What Was Then and What Is Now
COMMENTARY: ‘We all want progress,’ writes C.S. Lewis, ‘but if you’re on the wrong road, progress means doing an about-turn and walking back to the right road; in that case, the man who turns back soonest is the most progressive.’
When my mother, of blessed memory, reached the ripe old age of 100, the family arranged a gala in her honor. Being the eldest of her brood of three, it fell upon me to say a few words. A lot had transpired since 1904, the year of her birth, and I thought it might be interesting to family members and friends to inform them about what America was like 100 years ago.
In that long gone year, the average life expectancy in the United States was 47 years. More than 95% of all births took place in the home. Ninety percent of all U.S. physicians had no college degree. Only 6% of all adults had graduated from high school. Two out of 10 adults could not read and only 14% of the homes had the luxury of a bathtub. By any standard, today’s figures, compared to those of 1904 are a clear indication of progress.
Nonetheless, we may be a bit hasty in employing that word. In the year 1904 there were roughly 230 murders reported. A century later, that number soared to 14,249. The Gun Violence Archive reports that in 2022, there were 44,310 deaths from gun violence. Americans purchased 16.5 million guns in that same year. The 2022 record also shows that there were 20,138 fire arm deaths, excluding suicide. To these figure, we may add the millions who have perished due to abortion.
It is a grave mistake to isolate what happened “then” and regard it is old-fashioned, while viewing what is happening “now” as representing progress. This unfortunate disjunction leads to a separation of progress from tradition. Yet, the figures show a mixture of good and bad.
It is simplistic to relegate tradition to what happened “then” and progress to signify what is happening “now.” Tradition bears upon the future and its value cannot be erased. In fact, tradition is composed of many past progressions that gave tradition its importance.
“Progress” and “tradition” are not mutually exclusive terms. Nonetheless a communication barrier has been established between those who believe that tradition is irrelevant and those who are mesmerized by innovations.
A number of influential thinkers have emphasized the importance of progress, while de-emphasizing the importance of tradition. Karl Marx spoke of progress toward a classless Utopia. Philosophers Alfred North Whitehead, Samuel Alexander, Teilhard de Chardin and others, along with Charles Darwin, argued that society, as well as life itself, is constantly evolving into something better. In this sense, progress means a break with the past.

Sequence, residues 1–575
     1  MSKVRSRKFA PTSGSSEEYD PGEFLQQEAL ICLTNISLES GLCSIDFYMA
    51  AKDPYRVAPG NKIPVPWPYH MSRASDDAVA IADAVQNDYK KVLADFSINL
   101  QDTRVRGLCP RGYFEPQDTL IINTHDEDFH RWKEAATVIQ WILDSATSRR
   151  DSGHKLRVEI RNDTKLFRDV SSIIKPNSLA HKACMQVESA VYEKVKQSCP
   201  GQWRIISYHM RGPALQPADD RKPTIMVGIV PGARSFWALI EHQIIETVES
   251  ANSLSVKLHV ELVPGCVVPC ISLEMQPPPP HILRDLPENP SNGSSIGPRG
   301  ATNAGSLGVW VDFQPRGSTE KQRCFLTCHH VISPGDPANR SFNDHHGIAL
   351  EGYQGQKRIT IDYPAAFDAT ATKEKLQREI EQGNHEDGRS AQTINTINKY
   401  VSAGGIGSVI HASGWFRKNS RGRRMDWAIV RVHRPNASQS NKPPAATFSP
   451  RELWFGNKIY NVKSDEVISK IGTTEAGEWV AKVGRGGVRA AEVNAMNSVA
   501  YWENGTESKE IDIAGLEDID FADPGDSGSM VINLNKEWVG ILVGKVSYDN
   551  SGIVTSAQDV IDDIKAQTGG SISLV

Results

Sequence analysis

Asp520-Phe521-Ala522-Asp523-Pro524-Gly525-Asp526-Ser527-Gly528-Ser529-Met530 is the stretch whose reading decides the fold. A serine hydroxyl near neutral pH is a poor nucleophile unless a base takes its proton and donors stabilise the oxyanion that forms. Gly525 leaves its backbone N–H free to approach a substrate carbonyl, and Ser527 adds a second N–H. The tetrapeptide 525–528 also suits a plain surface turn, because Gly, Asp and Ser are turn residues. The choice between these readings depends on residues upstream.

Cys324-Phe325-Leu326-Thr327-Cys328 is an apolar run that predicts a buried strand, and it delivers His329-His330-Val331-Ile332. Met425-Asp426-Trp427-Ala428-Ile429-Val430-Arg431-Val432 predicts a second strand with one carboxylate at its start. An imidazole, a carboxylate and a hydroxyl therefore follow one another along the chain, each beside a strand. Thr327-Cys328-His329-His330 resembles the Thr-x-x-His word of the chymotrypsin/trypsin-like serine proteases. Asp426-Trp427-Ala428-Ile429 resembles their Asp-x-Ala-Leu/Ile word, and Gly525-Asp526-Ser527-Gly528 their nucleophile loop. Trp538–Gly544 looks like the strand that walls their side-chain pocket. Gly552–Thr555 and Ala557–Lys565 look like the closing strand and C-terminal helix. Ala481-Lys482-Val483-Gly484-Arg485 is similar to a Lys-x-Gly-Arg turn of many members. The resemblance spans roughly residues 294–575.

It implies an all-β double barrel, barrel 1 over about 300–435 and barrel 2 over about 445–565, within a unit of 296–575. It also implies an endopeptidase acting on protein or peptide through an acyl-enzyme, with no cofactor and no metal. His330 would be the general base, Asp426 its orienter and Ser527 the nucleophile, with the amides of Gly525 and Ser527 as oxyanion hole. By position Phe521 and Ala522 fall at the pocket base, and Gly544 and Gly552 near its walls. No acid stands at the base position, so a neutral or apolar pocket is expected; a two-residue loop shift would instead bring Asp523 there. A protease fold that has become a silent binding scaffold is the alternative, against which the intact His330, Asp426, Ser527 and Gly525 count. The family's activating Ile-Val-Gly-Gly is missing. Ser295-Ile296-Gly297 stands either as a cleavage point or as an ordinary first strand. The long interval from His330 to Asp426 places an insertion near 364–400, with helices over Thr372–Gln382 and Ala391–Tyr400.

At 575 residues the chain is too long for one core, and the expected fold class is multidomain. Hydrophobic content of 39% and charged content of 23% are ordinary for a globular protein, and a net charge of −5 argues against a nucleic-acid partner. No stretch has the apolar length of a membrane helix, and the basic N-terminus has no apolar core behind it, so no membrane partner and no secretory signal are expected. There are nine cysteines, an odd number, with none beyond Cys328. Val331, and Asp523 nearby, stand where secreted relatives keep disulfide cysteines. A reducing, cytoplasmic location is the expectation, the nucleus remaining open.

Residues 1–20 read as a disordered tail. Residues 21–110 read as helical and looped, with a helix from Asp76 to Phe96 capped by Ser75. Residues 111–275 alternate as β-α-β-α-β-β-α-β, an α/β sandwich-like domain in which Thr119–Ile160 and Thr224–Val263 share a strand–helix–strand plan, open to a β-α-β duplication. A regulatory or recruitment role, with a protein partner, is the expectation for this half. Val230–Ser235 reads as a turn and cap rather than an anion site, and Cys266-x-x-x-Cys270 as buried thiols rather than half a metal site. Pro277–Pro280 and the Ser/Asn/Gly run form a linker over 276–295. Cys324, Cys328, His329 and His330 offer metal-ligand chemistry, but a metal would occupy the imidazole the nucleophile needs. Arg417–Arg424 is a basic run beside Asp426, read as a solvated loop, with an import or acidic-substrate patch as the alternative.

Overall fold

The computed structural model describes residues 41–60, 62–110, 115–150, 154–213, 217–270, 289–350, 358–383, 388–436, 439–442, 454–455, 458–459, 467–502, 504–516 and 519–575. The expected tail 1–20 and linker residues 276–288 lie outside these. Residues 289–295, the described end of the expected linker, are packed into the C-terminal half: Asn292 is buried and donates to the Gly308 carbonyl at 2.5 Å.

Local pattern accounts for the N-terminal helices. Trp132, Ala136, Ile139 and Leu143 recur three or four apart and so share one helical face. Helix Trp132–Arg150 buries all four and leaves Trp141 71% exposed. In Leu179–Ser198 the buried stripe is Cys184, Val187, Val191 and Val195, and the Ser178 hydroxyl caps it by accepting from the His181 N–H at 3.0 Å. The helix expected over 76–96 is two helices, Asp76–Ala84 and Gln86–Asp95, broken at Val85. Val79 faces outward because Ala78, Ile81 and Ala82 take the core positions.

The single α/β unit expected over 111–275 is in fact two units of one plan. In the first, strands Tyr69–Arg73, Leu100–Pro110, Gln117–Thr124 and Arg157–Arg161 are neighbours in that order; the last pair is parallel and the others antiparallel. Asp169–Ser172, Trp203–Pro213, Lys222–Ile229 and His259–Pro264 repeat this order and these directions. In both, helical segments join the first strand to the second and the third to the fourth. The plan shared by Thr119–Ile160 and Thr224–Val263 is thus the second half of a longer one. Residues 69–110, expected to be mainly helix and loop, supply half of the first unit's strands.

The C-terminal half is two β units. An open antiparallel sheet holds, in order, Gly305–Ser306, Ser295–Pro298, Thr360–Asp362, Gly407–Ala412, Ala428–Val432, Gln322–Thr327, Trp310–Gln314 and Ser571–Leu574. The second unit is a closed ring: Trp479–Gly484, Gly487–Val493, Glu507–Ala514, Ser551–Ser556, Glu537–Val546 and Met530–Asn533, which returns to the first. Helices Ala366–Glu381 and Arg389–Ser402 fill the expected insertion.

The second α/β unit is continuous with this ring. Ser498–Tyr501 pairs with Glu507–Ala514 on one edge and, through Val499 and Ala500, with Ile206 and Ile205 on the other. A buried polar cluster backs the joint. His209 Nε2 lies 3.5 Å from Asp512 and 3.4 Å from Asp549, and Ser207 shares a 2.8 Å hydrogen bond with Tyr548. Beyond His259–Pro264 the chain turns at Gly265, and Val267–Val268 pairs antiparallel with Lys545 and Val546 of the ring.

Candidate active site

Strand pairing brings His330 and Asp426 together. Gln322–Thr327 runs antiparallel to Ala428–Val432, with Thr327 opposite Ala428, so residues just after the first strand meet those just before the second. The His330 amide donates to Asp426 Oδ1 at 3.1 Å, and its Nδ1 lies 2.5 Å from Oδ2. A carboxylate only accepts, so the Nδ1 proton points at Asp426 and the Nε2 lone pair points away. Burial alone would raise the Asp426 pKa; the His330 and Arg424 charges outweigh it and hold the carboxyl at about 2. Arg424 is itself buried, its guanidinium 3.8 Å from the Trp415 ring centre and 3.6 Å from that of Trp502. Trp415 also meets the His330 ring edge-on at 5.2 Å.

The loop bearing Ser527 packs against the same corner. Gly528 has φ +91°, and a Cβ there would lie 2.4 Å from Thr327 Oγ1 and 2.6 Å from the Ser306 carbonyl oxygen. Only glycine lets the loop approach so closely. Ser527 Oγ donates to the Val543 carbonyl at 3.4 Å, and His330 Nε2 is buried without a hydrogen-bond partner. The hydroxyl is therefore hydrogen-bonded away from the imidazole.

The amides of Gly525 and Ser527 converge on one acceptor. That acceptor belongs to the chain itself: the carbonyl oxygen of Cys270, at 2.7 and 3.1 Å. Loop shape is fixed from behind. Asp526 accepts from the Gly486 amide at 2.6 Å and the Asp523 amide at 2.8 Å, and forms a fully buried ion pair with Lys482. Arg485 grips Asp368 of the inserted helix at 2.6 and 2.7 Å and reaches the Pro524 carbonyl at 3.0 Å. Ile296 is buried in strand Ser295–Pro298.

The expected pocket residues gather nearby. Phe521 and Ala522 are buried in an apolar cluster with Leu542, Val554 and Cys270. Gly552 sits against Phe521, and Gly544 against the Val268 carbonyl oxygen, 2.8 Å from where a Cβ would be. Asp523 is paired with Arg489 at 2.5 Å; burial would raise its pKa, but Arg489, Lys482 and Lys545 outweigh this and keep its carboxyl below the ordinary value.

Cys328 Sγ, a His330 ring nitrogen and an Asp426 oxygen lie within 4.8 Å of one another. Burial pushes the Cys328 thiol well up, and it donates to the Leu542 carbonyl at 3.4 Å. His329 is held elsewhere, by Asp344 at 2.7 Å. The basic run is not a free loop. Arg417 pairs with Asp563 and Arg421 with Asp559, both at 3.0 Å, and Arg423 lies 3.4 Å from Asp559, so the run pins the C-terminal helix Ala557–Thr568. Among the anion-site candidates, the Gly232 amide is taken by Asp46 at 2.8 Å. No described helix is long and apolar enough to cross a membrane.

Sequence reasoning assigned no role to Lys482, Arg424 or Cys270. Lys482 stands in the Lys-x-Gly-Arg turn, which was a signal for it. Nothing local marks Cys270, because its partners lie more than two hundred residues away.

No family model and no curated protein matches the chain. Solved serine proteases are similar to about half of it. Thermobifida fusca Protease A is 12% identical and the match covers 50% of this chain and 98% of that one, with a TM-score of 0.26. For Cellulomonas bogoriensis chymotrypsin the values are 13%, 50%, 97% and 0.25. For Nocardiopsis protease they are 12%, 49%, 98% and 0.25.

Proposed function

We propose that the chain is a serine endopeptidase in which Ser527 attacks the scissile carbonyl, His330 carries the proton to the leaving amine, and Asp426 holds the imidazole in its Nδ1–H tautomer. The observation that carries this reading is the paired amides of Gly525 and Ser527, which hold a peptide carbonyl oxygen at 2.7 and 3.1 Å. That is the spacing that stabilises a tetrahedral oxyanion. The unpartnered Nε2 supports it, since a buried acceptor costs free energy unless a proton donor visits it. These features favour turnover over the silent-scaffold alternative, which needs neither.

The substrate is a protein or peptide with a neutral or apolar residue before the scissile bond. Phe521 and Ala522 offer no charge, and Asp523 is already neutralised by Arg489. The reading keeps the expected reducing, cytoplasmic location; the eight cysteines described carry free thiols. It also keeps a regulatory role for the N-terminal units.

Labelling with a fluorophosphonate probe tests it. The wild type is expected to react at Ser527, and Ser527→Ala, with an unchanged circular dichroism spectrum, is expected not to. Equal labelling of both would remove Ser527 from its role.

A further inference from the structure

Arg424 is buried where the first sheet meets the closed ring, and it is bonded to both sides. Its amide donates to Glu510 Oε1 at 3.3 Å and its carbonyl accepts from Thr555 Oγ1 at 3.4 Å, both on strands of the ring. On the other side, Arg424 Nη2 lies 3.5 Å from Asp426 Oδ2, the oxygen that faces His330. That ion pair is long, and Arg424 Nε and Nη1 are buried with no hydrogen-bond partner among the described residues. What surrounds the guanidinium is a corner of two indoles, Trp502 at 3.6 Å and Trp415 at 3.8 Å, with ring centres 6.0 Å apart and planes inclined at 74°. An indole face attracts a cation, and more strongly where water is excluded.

Joseph Ratzinger (later Pope Benedict XVI), in his book Introduction to Christianity, has called attention to this unfortunate elevation of the importance of progress and concomitant disregard of tradition:
“Tradition appears as what has been laid aside, the merely out-of-date, so that man feels at home not in the realm of tradition, of the past, but in the realm of progress and the future.”
The truth is that the “then” and the “now” are not antithetic. When progress breaks from tradition, the possibility arises that what is believed to be progress is regress. “We all want progress,” writes C.S. Lewis, “but if you’re on the wrong road, progress means doing an about-turn and walking back to the right road; in that case, the man who turns back soonest is the most progressive.”
Despite what Marx, Darwin and others have believed, progress is not written into the fabric of either history or life. “Human progress is neither automatic nor inevitable,” according to Martin Luther King Jr. “Every step toward the goal of justice requires sacrifice, suffering, and struggle; the tireless exertions and passionate concern of dedicated individuals.”
Inscribed on the façade of the U.S. Treasury Building are the words, “What Is Past Is Prologue.” The past prepares and anticipates the future. It cannot be disregarded. It is the platform for what follows.
Scripture comes out of the past, but is not confined to it. Its influence on all the generations it preceded is inestimable. “Hold fast to the Bible,” wrote general and then President Ulysses S. Grant. “To the influence of this book we are indebted for all the progress made in true civilization and to this we must look as our guide in the future.”
Grant, of course, was not confining the notion of progress to technology. If we consider the arts, what present philosophers can rival Aristotle, Plato and Aquinas? What composers can rank with Bach, Beethoven and Brahms? What poets are the equal of Shakespeare, Dante and Milton? What painters can match the works of Michelangelo, Da Vinci and Raphael? And what novelists can compare with Dostoevsky, Tolstoi and Dickens? Winston Churchill, who was not taken in by the myth of progress, once remarked, “The Stone Age may return on the gleaming wings of Science; and what might now shower immeasurable material blessings upon mankind may even bring about its total destruction.” Gen. Omar Bradley Bradley has stated that “We have grasped the mystery of the atom and rejected the Sermon on the Mount.”
The true Christian understands that tradition and progress are not antagonistic to each other. This is because Christ is the Everlasting Man. He is the past, present and future. He knows no such time barriers. He is for all people and for all time.
If progress has any meaning for the Christian, is to become more Christlike. Accordingly, in 2 Peter 3:18, we are advised to “grow in the grace and knowledge of our Lord and Savior Jesus Christ. To him be glory both now and forever!”
In this case, “now” is not contrasted with “then” but belongs to all ages.
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